Ms. Sand…

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Pair Used IRS Data-Retrieval Tool in $12-Million Scam, Indictment Says

Two men were indicted on Wednesday on 23 federal charges related to a $12-million identity-theft conspiracy that used the personal information of students applying for federal financial aid.

According to the indictment, the men, Taiwo K. Onamuti, 29, of Doraville, Ga., and Muideen A. Adebule, 49, of Indianapolis, used the Free Application for Federal Student Aid’s data-retrieval tool, which allows students to electronically fill out tax information while applying for grants and scholarships. In…

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Does State Support Have ‘Weak’ Connection to Tuition? Association Begs to Differ

The American Association of State Colleges and Universities is arguing against the implications of a new report from the American Enterprise Institute about the relationship between state funding for higher education and rising tuition at public colleges and universities.

The report, “Pennies on the Dollar: The Surprisingly Weak Relationship Between State Subsidies and College Tuition,” says state disinvestment in higher education has played a small role in the increasing cost of tuition. And th…

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University of California Will No Longer Pay for Regents’ Dinners and Parties

The University of California will no longer pick up the tab for dinners and parties thrown by the university’s Board of Regents, the San Francisco Chronicle reports. The change in policy came hours after a report that the university had reimbursed regents to the tune of more than $225,000 for such events since 2012.

The regents threw parties and dinners at lavish hotels, the report said, and some of them were “poorly timed.” A recent event, which cost $270 a person on May 17, was held immediatel…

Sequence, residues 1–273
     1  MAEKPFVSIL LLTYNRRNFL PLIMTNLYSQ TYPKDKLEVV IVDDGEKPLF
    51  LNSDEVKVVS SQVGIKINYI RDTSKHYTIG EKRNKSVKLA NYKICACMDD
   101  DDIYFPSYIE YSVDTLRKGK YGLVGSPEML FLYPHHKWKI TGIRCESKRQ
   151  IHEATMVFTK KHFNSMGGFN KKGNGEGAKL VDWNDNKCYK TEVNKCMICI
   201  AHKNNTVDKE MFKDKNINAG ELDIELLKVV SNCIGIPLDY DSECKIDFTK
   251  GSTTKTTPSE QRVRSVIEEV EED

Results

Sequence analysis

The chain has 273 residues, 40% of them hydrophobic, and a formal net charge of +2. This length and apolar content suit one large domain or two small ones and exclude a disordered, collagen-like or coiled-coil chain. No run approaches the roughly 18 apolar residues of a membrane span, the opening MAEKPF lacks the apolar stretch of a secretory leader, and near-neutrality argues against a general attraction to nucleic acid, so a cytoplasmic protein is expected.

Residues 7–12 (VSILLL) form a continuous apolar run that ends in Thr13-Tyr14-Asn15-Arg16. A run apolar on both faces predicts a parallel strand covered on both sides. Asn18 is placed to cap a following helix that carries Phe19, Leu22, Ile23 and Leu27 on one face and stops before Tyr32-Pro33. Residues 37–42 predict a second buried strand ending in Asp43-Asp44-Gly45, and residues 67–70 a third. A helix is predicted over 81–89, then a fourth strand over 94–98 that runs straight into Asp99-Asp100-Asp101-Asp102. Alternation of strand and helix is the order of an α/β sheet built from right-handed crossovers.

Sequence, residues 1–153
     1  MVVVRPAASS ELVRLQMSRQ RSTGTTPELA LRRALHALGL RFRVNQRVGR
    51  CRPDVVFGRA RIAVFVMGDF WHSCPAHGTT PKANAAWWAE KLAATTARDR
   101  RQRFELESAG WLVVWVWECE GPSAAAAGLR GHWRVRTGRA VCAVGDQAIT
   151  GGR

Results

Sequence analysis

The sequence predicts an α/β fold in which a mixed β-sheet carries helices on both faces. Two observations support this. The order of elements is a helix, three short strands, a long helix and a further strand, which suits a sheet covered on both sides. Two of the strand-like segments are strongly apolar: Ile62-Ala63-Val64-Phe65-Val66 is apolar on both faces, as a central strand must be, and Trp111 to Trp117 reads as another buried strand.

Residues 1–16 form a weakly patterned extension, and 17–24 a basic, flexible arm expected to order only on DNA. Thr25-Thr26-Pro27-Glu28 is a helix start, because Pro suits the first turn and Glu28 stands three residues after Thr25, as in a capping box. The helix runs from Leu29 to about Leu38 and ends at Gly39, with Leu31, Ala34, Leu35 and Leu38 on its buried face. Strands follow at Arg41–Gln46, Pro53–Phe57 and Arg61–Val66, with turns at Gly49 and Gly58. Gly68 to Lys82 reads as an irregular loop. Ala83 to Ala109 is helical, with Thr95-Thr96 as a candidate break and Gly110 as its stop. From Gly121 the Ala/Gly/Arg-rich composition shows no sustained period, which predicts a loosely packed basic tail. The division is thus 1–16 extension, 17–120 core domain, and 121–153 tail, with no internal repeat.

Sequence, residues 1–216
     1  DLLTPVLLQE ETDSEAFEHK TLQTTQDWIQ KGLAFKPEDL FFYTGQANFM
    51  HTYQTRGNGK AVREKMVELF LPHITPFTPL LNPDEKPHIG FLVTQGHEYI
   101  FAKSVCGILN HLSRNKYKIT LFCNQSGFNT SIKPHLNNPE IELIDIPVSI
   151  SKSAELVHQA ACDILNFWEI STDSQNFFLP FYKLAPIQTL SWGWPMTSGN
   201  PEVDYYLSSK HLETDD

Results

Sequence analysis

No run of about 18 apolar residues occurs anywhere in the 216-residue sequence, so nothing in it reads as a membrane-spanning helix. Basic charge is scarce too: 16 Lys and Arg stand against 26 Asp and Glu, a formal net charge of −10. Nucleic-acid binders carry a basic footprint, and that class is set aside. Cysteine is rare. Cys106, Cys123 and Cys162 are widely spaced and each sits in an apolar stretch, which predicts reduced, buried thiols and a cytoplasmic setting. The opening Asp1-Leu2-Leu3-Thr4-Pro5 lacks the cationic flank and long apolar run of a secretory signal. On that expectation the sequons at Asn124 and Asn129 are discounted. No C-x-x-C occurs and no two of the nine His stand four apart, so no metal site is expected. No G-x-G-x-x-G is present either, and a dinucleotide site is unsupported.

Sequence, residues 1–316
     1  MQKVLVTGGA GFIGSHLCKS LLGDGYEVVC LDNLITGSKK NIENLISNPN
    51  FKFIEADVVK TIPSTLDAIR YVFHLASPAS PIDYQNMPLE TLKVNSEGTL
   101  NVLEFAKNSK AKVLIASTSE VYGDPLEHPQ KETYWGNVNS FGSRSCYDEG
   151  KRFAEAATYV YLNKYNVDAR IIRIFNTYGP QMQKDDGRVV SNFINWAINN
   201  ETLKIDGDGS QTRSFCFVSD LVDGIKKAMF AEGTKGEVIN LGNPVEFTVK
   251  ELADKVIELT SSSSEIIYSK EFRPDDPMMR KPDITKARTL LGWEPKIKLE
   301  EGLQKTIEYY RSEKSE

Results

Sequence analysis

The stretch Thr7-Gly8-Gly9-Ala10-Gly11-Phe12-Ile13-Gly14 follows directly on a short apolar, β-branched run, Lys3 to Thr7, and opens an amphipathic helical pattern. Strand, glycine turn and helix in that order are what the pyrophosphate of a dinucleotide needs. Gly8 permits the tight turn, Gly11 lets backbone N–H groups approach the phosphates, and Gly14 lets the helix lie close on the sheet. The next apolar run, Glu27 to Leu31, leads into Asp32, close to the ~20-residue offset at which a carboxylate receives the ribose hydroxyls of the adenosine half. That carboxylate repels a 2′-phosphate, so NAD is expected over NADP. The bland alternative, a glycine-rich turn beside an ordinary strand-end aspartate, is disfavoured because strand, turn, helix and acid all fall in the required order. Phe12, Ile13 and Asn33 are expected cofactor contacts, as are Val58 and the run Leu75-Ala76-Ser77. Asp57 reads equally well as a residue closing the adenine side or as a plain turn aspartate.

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U. of Maine Approves a Restructuring of Its Presque Isle Campus

Trustees of the University of Maine system took another step on Sunday toward streamlining operations and reducing costs by approving a reorganization of the University of Maine at Presque Isle, the Portland Press Herald reports.

The campus, like many regional public institutions across the country, has seen enrollment shrink and has struggled to close budget gaps in recent years. With about 1,300 students, Presque Isle is the second-smallest campus in the Maine system. Under the reorganization,…

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Mills College Declares Financial Emergency and May Cut 30 to 35 Jobs

Mills College, a liberal-arts institution for women in Oakland, Calif., declared a financial emergency on Tuesday as a first step toward dealing with financial challenges, including a projected $9.1-million deficit in the coming fiscal year.

In a news release and in a statement emailed to faculty, staff, and students on Tuesday afternoon, the college described the Board of Trustees’ approval of the declaration of emergency as a step that authorizes Mills to restructure all of its expenses in p…